The Lamb's the Thing at Taci's Beyti, Brooklyn

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Adana kebab. [Photographs: Max Falkowitz]

The hunt for New York's best Turkish food has taken me to unexpected places. Midtown East. Sunnyside. And now Gravesend, to Taci's Beyti, a well-regarded Brooklyn restaurant that some call the finest Turkish cooking in the borough.

A mezze-heavy meal there turned out some very solid renditions of Turkish classics. It didn't reach the level of Sip Sak, my Turkish gold standard, but for Turkish food enthusiasts, the reasonably priced and well executed dishes are well worth the 45 minute subway trip from Union Square. I'd return for the eggplant alone.

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Iskender kebab.

But my favorites of the lot, the ones on par with New York's best, were lamb in two forms: a juicy, excellently spiced Adana Kebab ($15.25, top) and the saucy, greasy mess of lamb, yogurt, tomato, and bread called Iskender Kebab ($15.25). Here's some of the juiciest, most delicately lamb-y lamb I've enjoyed in New York, rounded out in both cases with silky, mildly tart yogurt that cuts straight through any fat.

In the adana, the chopped lamb is joined by a heavy sprinkle of sweet red chili, a simple but bold spicing move that draws out the meat's natural sweetness. But the Iskender is all about the savory: crisp-edged lamb browned well on a spit, topped with an intensely savory tomato sauce and an extra helping of that yogurt. Triangles of pita lie beneath the plate, soaking up the not-insubstantial grease. I enjoyed taking the two as a pair, a way to appreciate everything lamb brings to the table.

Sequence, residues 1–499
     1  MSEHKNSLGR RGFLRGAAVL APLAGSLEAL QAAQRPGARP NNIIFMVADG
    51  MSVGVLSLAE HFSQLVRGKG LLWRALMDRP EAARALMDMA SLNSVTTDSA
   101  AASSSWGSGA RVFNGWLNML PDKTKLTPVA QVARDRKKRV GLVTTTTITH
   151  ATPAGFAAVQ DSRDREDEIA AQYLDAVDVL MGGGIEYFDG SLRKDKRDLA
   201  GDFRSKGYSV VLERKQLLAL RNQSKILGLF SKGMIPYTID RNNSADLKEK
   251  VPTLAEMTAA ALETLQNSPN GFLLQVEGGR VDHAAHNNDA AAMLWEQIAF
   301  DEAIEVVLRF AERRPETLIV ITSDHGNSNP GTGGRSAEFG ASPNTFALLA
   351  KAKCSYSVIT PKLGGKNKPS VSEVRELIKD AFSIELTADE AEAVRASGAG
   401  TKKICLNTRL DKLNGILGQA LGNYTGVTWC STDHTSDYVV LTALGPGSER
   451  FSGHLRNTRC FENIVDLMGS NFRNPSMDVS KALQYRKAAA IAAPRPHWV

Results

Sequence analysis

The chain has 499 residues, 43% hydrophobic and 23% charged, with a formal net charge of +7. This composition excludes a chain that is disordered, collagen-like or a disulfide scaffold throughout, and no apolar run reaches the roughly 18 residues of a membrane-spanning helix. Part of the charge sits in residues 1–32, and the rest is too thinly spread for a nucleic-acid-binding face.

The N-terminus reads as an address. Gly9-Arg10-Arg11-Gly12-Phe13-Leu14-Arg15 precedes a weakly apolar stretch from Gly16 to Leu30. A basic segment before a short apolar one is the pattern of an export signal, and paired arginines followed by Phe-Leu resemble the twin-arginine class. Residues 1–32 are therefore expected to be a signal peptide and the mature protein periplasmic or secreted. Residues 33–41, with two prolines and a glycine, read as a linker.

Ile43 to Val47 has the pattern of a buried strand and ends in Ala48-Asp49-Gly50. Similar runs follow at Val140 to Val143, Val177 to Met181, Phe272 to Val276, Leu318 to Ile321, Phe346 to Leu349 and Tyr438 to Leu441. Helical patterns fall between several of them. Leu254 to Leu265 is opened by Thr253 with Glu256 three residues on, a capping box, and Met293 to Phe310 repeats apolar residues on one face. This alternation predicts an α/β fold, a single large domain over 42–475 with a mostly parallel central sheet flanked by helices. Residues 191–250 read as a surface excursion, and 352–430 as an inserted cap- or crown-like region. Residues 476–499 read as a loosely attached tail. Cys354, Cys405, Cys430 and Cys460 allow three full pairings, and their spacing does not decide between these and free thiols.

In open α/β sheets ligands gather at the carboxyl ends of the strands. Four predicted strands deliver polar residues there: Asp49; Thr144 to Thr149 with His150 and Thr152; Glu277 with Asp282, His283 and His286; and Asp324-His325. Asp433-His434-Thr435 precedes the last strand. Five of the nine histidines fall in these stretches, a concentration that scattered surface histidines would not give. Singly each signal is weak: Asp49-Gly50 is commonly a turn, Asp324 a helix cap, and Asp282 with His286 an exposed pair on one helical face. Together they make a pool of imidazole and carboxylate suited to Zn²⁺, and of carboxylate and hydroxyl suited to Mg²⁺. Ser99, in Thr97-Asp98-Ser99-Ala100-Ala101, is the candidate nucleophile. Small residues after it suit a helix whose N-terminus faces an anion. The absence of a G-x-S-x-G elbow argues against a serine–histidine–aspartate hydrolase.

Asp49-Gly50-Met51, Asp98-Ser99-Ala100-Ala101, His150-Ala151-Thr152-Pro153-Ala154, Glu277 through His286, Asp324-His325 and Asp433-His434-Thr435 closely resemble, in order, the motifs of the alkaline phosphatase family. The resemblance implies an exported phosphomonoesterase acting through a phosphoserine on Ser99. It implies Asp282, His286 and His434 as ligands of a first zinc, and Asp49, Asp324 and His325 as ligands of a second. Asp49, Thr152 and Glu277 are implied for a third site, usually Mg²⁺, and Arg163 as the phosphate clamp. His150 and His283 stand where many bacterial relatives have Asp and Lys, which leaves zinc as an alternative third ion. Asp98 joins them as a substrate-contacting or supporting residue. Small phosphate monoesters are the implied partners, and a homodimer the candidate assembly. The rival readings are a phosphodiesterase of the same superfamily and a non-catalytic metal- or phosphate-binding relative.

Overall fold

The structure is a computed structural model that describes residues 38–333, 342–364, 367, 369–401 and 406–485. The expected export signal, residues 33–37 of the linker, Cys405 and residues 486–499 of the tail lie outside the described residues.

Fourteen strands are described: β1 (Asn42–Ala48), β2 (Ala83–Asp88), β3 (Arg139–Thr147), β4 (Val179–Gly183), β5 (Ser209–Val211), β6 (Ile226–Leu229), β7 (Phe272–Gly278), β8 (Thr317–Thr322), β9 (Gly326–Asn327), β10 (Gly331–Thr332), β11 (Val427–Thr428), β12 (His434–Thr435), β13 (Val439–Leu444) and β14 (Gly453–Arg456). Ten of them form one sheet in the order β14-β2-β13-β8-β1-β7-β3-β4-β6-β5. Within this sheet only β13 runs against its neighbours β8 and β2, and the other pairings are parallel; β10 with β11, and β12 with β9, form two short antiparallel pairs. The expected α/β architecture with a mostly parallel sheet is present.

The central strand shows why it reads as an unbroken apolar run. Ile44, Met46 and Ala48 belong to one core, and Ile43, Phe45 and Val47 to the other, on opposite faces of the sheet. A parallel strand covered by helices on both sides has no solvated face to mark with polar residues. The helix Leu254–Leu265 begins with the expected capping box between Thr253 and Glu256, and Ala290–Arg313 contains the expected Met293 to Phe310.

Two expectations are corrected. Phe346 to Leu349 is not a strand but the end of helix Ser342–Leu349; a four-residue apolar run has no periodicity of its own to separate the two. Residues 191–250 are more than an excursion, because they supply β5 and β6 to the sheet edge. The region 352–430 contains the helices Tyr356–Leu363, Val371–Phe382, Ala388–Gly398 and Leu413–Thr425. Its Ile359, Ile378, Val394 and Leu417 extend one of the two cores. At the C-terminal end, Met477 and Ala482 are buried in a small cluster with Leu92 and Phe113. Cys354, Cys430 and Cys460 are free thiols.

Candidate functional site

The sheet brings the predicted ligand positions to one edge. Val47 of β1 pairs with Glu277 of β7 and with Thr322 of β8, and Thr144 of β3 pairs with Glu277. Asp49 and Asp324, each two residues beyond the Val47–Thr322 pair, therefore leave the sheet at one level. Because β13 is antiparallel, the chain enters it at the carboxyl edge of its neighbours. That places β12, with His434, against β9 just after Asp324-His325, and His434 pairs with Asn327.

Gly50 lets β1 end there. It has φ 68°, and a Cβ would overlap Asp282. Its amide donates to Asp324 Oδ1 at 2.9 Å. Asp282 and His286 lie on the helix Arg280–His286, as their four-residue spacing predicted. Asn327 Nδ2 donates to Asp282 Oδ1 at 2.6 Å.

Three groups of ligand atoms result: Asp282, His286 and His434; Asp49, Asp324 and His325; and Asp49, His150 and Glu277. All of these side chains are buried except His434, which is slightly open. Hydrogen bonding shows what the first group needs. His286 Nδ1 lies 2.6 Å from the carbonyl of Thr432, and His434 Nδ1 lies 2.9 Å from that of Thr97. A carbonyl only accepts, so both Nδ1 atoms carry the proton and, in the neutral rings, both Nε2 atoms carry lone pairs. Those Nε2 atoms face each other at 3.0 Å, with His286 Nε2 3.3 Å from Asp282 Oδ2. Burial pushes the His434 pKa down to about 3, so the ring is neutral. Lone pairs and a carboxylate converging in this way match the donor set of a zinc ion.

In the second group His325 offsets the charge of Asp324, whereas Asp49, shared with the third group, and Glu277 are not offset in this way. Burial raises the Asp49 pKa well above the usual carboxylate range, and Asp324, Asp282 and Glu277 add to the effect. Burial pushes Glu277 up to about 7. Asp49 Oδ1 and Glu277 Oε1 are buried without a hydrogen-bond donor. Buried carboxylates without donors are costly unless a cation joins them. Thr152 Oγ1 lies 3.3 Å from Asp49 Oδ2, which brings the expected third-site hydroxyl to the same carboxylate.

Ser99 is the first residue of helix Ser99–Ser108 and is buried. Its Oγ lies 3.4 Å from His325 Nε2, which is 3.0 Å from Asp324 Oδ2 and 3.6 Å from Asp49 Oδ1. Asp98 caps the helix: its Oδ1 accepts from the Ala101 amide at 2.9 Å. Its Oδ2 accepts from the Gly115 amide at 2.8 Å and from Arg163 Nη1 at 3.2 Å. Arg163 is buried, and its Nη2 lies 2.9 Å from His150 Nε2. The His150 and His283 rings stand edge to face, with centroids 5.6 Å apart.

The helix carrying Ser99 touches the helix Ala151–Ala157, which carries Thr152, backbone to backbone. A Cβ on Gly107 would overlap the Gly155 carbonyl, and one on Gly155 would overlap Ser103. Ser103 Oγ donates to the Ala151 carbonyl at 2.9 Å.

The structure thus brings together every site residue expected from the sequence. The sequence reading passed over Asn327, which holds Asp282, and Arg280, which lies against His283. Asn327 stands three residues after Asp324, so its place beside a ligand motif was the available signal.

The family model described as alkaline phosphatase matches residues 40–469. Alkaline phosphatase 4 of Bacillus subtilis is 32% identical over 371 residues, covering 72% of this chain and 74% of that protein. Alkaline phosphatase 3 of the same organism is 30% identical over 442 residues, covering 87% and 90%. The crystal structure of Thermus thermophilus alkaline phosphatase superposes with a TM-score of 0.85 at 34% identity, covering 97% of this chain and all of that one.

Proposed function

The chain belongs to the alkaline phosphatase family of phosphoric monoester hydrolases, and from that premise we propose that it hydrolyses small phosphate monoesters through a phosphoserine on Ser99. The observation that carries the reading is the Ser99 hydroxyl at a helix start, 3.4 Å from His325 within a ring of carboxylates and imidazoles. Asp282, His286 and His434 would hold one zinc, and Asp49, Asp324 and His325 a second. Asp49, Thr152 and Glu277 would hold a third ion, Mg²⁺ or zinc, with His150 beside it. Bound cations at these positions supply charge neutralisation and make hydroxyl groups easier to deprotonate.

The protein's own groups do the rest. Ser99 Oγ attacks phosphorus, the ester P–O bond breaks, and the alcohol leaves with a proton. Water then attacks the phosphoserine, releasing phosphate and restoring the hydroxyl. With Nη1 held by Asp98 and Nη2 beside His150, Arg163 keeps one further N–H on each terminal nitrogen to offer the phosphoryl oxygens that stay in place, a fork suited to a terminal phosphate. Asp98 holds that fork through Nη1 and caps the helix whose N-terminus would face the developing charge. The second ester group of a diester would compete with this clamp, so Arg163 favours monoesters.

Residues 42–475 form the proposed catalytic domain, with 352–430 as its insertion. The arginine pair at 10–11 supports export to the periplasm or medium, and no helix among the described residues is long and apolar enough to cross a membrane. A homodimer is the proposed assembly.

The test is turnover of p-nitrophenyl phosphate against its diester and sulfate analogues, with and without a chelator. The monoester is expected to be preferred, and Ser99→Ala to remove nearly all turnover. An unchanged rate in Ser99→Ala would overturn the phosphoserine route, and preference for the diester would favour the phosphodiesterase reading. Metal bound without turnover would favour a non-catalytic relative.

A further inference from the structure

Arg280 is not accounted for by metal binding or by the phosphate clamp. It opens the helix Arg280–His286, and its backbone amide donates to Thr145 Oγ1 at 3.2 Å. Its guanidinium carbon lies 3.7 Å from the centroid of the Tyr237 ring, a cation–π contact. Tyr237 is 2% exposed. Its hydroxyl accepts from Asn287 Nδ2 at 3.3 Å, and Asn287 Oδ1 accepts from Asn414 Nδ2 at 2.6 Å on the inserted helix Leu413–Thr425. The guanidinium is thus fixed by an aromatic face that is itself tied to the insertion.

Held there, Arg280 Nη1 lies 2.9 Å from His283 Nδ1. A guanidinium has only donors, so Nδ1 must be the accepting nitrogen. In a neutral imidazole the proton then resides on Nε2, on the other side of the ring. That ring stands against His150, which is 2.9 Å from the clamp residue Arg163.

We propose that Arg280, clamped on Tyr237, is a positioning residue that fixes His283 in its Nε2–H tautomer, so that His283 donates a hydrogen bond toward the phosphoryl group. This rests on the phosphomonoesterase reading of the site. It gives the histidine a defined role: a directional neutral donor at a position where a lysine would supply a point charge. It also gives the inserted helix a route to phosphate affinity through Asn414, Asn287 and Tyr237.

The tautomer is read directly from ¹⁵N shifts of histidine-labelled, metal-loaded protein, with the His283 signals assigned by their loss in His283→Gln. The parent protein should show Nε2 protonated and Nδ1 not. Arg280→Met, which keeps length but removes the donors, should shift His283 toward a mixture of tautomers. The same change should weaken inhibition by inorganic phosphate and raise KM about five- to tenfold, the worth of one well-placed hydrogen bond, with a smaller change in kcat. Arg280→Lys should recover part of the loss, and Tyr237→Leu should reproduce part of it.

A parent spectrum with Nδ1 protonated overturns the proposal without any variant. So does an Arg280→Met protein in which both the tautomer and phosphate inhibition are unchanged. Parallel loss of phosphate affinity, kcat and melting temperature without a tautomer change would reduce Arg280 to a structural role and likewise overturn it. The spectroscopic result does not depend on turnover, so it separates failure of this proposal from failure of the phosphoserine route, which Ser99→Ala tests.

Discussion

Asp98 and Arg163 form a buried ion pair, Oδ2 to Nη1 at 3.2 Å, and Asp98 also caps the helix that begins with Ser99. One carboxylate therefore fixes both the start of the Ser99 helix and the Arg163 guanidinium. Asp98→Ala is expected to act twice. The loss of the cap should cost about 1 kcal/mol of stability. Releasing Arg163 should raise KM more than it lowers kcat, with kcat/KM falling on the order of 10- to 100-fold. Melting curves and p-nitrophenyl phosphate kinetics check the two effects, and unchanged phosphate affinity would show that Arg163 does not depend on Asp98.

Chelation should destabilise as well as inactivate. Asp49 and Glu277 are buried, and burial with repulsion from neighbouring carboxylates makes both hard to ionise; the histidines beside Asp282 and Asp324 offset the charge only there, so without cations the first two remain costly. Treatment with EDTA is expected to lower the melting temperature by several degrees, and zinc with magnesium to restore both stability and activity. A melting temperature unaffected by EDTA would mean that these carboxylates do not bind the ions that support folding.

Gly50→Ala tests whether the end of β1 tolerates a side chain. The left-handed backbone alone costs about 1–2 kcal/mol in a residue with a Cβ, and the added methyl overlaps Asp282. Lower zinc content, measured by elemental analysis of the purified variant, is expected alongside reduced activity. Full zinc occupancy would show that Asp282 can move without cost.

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I'd be remiss if I didn't mention one more dish. Remember when Kenji made me the pastrami-topped hummus of my dreams? Well it just so happens that Taci's Beyti offers Hummus with Pastrami ($9), a hot appetizer of soft, creamy hummus topped with thin slices of pastirma, the slightly fermented, mostly dried analog to Italian carpaccio. The serving dish, hummus and all, gets broiled briefly so the hummus starts to brown and the pastirma curls and starts to render its small amount of fat. It's a unique take on hummus to say the least, and one worth sharing.

About the author: Max Falkowitz is the editor of Serious Eats: New York. You can follow him on Twitter at @maxfalkowitz.

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